Interestingly enough, despite my complaining about the romance sections moving too slowly, I thought overall it went too fast. I find it interesting that while Shakespeare, while mentioned but only really seen in the last chapter, is present. The man is famous for improbable timelines. I mean Romeo and Juliet took place over the course of three days. Diana ad Matthew aren't much better. They've known each other barley 40 days before they're married ready to be the end all of each other. (I use the term Married loosely here because they have like 3 weddings and I can't quite keep up with them all.) A 1500 year old vampire is willing to throw everything he's been taught his whole life for a witch he's known all of a month and a half. I was willing to go with it in "Discovery" because so much was happening and I sort of accepted it the way you'd accept a romance in a movie because, to paraphrase J.K.Rowling's "Philosopher's Stone," 'There are some things you can't share without ending up liking each other, and knocking out a mountain troll is one of them.' Diana and Matthew's adventures in "Discovery" are sort of like that. It's only after it's been pointed out numerous times in "Shadow" that it's only been a month and a half that it really sticks out. And once pointed out to me, I found it hard to ignore.
Harkness gets some points back though. At one point Diana starts talking about modern popular human literature with vampire romances. Diana doesn't sound all that impressed by them so "Shadow" got some points back from me about that.
Okay time travel. Well... I sure hope the crush a butterfly's wing theory doesn't apply in Harkness' world because otherwise Diana and Matthew are screwed. It just so happened that while taking a break from reading, 'Back to the Future' was on TV. Let's see, Marty goes back in time, meets his dad, saves his dad from being hit by a car and then has to spend the next week trying to get his parents to hook up before he ceases to exist. In the second movie him buying a sports almanac causes utter hell in an alternate reality 1985. These are standard time travel issues in most fiction. Diana and Matthew were in Elizabethan England for SEVEN MONTHS and they weren't exactly inconspicuous. Not only that, Matthew was acting as a direct counterpoint to how the Matthew of 1590 would have acted. I would be a lot more angry about this if Stephen hadn't shown up and reprimanded the two of them for it. (granted he had a hand in a few things but his contributions were minor at best.) First off, I'm aware Diana and Matthew were only in the Bishop house and then Sept-Tours at the end of the book, but could they have possibly noticed some other changes along the way? Harkness left "Discovery" with a cliffhanger, I though a better ending to "Shadow" would be to hint at the issues left in the wake of their interference besides the telescope, manuscripts, mousetrap, small book, and the paintings. That would have left the readers on better tenterhooks for the next one. Also Diana showing her hand with the telescope in 1591, if the good guys figured it out, then so would the bad guys, and what's to stop another time walker going back to 1590 and finding them and stopping them there? Just because time walkers are rare doesn't mean they don't exist.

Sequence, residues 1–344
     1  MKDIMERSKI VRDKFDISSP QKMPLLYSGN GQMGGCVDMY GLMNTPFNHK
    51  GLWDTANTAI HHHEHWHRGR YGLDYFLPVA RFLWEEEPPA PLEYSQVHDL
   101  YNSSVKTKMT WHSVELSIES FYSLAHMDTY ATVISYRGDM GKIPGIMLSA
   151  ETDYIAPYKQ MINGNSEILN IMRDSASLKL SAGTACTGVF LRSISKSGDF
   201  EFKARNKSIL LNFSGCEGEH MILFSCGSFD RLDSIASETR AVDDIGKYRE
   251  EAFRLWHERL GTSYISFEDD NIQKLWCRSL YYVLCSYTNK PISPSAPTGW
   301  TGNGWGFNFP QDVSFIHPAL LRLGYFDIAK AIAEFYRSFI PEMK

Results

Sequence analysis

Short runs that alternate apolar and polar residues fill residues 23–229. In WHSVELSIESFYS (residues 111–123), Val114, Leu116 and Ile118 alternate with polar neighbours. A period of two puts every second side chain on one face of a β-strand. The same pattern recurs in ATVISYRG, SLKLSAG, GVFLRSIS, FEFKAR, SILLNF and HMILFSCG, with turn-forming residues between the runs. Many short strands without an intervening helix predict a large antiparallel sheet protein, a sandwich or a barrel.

Another issue, what was the point of Prague? It seemed they only went there because the manuscript was there. But so much time was spent there and most of it seemed useless to me and only seemed to serve as more of Diana and Matthew screwing up history. And does any one else find it suspect that the pages get cut out of the book mere hours after they see it? It seemed a bit too convenient to me. I would have liked to have seen them disappear perhaps sometime after their visit. Either after they were safely in London without the book (what was the point of them getting the book if they didn't take it with them?) or sometime after they left Elizabethan England but before modern times. Just something else that seemed too forced.